Kittens and puppies, oh my! Part II

This is article #2 in a new summer series. Please read last week’s article if you haven’t already!

As you know, it’s raining kittens and puppies right now. And while these baby animals are fuzzy and cute, their sheer numbers are almost unbelievable. Approximately 70,000 kittens and puppies are born EACH DAY in the United States alone (

Compare that with almost 10,000 humans born each day. No matter how you look at that number, there will never be enough homes for these animals. As a result, nearly 9 million cats and dogs die in our shelters each year.

These numbers are both staggering and heart breaking. But there is an easy fix: spay and neuter. The general rule is “fix at 4 months”, and many shelters and rescues have worked hard to make this ‘rule’ common knowledge (

Most shelters and local humane societies offer low-cost spay/neuter services. Additionally, low cost clinics perform these surgeries. It’s a safe procedure, and does not, as myths suggest, change your dog’s behavior or make them fat. What it will do is eliminate the chance for unwanted litters, reduce the risk of reproductive cancers, and eliminate bad habits like spraying.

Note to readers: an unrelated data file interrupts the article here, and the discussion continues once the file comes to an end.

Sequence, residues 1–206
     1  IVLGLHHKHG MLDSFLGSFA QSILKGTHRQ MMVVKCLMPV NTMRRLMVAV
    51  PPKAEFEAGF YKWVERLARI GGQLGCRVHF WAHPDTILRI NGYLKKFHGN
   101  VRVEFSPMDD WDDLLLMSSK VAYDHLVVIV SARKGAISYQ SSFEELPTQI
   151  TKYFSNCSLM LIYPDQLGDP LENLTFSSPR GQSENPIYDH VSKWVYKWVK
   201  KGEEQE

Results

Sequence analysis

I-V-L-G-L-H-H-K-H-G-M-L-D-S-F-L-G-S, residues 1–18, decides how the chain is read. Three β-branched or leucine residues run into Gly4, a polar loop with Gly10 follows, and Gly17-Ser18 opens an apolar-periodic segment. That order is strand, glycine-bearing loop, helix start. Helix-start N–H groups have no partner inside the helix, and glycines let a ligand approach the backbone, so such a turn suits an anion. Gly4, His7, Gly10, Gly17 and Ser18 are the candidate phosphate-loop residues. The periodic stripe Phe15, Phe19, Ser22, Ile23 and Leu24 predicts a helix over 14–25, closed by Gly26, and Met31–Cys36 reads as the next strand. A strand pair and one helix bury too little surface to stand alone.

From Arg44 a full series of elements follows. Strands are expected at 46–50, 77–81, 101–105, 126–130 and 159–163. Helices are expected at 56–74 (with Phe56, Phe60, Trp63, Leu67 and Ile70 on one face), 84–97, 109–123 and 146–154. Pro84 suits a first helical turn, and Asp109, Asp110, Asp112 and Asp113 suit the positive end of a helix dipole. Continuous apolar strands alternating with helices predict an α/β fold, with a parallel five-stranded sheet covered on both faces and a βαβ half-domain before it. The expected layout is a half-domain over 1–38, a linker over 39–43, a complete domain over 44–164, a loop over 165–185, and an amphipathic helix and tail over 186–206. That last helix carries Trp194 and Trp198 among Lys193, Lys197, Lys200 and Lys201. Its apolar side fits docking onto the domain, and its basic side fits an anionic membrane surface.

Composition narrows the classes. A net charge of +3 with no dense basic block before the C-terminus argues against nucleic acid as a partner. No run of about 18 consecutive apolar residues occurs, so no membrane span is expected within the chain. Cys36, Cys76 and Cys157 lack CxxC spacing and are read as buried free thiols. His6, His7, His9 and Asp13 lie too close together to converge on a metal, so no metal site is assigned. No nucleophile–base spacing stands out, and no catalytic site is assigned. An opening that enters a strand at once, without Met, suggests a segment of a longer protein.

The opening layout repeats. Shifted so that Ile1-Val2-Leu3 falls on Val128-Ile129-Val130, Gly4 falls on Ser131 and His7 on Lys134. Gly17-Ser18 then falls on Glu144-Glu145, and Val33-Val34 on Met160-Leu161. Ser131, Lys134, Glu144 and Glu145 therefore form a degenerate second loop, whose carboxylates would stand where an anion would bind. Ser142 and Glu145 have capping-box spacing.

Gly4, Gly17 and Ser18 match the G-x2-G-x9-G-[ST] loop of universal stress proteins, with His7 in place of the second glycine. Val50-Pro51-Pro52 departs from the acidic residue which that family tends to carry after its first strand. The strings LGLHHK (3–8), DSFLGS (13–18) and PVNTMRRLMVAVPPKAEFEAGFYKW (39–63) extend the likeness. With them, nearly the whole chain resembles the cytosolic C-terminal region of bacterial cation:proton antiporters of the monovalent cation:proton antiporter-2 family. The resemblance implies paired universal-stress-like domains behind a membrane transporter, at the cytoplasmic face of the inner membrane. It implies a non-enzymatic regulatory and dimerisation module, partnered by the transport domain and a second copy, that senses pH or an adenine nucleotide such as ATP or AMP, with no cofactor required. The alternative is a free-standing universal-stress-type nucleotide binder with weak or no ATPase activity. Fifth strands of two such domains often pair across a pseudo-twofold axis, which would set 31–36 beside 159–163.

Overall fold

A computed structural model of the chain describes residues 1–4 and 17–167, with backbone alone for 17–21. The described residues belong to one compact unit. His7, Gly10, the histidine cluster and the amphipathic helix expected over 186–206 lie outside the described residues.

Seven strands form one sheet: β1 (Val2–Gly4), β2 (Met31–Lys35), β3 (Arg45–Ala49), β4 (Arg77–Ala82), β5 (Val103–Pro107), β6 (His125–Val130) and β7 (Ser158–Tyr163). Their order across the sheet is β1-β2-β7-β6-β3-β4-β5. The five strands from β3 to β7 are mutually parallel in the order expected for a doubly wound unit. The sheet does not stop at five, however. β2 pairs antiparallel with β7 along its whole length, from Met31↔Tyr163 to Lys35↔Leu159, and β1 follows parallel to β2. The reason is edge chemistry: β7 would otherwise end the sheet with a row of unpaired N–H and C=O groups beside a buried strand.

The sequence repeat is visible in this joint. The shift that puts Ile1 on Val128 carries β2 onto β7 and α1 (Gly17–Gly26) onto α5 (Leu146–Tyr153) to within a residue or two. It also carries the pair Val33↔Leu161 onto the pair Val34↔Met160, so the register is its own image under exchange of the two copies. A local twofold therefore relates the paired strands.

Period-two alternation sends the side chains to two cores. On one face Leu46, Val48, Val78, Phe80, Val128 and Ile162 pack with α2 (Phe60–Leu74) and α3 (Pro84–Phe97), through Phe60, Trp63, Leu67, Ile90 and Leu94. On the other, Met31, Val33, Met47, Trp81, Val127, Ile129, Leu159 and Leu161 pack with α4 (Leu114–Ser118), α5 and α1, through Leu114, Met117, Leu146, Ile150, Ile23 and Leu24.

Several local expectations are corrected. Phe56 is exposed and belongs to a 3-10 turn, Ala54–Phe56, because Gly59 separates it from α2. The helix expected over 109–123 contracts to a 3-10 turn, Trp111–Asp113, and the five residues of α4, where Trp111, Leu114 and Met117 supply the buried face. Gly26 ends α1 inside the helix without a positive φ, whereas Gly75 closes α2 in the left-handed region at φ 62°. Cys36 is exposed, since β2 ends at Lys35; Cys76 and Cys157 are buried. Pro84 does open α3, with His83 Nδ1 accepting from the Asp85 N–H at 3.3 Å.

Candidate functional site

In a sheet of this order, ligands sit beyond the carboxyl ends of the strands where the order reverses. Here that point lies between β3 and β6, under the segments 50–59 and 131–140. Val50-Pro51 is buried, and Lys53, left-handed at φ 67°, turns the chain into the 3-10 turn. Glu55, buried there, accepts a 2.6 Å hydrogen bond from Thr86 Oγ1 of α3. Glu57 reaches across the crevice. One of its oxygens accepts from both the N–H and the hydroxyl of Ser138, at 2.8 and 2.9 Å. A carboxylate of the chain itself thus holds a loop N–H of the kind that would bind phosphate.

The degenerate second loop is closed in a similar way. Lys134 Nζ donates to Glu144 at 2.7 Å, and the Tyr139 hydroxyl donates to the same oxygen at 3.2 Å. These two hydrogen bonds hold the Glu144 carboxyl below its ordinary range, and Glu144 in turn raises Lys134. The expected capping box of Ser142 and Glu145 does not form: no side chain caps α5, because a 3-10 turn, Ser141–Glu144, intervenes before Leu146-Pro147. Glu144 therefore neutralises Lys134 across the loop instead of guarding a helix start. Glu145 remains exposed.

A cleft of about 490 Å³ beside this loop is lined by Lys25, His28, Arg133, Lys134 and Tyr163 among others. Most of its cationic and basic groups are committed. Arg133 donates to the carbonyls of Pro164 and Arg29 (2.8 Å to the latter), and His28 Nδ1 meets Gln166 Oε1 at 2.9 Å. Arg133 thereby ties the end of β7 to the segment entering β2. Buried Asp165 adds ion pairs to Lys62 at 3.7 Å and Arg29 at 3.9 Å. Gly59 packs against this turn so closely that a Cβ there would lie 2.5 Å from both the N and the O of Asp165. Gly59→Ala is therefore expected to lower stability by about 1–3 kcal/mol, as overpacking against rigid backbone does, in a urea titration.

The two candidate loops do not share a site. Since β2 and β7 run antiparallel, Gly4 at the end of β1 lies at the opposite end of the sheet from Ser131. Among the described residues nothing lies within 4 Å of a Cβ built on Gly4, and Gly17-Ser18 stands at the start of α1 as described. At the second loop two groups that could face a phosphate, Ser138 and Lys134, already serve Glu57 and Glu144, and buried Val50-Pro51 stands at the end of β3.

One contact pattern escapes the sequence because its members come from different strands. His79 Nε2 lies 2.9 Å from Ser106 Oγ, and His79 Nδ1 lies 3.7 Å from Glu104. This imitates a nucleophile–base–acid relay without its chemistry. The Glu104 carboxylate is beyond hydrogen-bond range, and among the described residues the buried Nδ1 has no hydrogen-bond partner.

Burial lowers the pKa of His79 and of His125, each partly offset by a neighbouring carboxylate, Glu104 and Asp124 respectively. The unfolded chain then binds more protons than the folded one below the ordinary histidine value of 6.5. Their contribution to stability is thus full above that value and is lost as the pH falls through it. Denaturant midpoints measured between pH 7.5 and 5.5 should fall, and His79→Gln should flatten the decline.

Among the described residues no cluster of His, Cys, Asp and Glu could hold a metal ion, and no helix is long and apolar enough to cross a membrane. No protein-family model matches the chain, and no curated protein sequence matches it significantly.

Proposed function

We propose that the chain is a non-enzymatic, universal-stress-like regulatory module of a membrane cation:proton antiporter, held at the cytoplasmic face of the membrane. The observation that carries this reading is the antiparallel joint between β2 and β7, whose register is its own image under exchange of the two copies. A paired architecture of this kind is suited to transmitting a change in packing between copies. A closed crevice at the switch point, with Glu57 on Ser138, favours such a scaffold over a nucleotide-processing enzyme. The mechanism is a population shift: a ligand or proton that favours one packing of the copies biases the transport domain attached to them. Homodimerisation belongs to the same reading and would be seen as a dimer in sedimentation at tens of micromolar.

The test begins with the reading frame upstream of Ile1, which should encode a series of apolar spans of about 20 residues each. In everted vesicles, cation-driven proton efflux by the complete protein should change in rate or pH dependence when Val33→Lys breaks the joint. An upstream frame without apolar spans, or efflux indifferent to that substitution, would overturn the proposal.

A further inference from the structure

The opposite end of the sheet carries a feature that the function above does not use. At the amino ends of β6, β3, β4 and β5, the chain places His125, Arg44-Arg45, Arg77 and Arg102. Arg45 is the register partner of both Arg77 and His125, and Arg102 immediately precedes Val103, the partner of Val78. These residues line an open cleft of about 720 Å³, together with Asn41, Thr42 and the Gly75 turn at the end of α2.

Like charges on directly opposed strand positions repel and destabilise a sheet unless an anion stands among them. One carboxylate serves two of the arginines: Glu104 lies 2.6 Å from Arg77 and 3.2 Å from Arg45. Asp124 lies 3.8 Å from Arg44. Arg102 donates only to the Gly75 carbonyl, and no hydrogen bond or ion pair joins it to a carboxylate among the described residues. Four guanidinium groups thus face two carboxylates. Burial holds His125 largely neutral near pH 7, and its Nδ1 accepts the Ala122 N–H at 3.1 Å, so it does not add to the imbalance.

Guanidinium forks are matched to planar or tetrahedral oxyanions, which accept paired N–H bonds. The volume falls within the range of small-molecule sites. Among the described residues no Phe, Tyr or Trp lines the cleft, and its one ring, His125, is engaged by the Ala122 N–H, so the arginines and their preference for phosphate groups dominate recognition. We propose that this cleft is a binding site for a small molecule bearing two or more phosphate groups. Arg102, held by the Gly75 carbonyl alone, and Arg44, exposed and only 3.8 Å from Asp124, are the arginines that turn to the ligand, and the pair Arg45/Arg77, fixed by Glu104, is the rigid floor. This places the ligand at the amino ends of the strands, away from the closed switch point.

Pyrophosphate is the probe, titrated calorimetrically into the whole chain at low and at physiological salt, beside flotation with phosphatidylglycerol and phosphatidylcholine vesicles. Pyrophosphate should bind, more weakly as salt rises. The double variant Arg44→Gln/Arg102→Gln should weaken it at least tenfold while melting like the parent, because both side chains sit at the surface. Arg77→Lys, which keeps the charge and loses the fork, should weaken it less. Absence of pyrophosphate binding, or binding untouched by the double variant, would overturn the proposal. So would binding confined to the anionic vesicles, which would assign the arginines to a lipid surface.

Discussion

But what about the nearly 70 million feral cats in this country? How do you get a “wild animal” to the vet for a spay/neuter surgery? And does it matter? It’s just a stray or shy cat that you are nice enough to feed on your back porch. Yet, feeding is not enough. You must get that cat fixed–that one cat can have 18 kittens a year. All of sudden, your desire to help a sweet homeless cat has put you in the position of feeding a herd! And intact cats (ones that haven’t been ‘fixed’) have a lower quality of life. They fight more, roam more, and are more susceptible to disease. Managed feral cats, on the other hand, have a longer, happier life due to that one simple surgery.

Next week, in part 3, we will discuss the international movement known as “T-N-R”: trap, neuter, & release. We will talk about how to properly trap a feral cat, how to tell if that cat is already ‘fixed’ (yes!–there is a way without even touching the cat!), how to take advantage of free and low-cost feral ‘spay days’, and how to care for the cat once it’s been altered and you’ve brought it back ‘home’.